N.J. Democrats have a big money advantage in Assembly races

Posted Oct 16, 2019

Republicans trying to hold onto seats in the state Assembly and reclaim a seat in the state Senate are staring at a big cash disadvantage heading into New Jersey’s legislative elections next month.

GOP candidates have raised just about $3.3 million and spent less than half of that — $1.4 million — according to the latest fundraising figures from the state’s nonpartisan Election Law Enforcement Commission.

At the same time, Democrats hoping to expand their majority in the Assembly and unseat the chamber’s Republican leader have raised $11 million and spent $5.7 million.

Democrats currently hold 54 of the 80 seats in the Assembly, the lower house of the state Legislature. The 26 seats held by Republicans is the GOP’s lowest number in decades. All 80 seats in the state Assembly are on the ballot, as is one state Senate seat.

Fundraising and spending on this year’s legislative races aren’t exactly on track to break any records, which is expected given the few competitive contests. But totals seriously lag the 2017 elections, when the Senate and Assembly were both on the ballot, according to ELEC’s analysis.

It’s still early, cautioned ELEC Executive Director Jeff Brindle.

“In some elections, the heaviest spending comes during the last week or two of the campaign," Brindle said.

“However, it also could be that most of this year’s races are not viewed as very competitive" and the political parties and independent groups are holding their powder until next year’s presidential and congressional elections, he added.

This year’s election doesn’t feature a barnburner like the 2017 contest between state Senate President Stephen Sweeney, D-Gloucester, and New Jersey Education Association-backed candidate Republican Fran Granier. Nearly $19 million was spent in that race, breaking national records for legislative campaign spending.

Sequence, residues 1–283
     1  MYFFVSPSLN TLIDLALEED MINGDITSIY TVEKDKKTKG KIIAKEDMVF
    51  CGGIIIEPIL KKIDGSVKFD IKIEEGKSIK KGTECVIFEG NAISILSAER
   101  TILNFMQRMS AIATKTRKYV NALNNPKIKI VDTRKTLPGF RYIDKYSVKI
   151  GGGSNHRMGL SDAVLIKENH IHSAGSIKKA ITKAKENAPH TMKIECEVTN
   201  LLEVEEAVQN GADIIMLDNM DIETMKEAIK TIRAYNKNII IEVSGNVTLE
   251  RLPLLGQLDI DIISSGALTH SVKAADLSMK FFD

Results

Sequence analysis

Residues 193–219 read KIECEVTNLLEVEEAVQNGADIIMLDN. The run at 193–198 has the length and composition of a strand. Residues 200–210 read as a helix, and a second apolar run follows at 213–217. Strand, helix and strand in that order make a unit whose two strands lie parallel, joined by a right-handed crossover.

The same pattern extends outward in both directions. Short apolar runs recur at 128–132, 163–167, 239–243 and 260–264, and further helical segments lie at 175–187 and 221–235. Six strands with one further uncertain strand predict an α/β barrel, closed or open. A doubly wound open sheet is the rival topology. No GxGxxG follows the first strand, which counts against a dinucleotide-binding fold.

Perhaps the hottest race this fall is in north Jersey’s 21st legislative district. Assembly Minority Leader Jon Bramnick and his running mate, Assemblywoman Nancy Munoz, both R-Union, are in a battle with Democrats Lisa Mandelblatt and Stacey Gunderman for the district’s two Assembly seats.

The race has attracted the most dollars — $1.3 million as Democrats try to oust Bramnick and Munoz in the swing district.

Democrats also want to pick up Assemblyman Anthony M. Bucco’s seat in North Jersey’s District 25, where candidates have raised the sixth-most of any legislative contest so far, at $626,000.

Bucco was chosen Tuesday evening to fill the vacancy in the state Senate left by his father’s death last month. But he will still appear on the ballot for the Assembly.

The race for the sole Senate seat on the ballot, in South Jersey’s District 1, has taken in nearly $983,000 — the fourth-highest fundraising total.

Republicans are aiming to flip this swing district seat back to red with candidate Jim Testa. It’s now occupied by Democrat Bob Andrzejczak, who took over for when Jeff Van Drew was sworn into the U.S. House of Representatives.

“Battleground districts tend to be those with the tightest voting margins in previous elections,” Brindle said in the report. “Both parties view them as winnable, so they tend to be the most expensive elections.”

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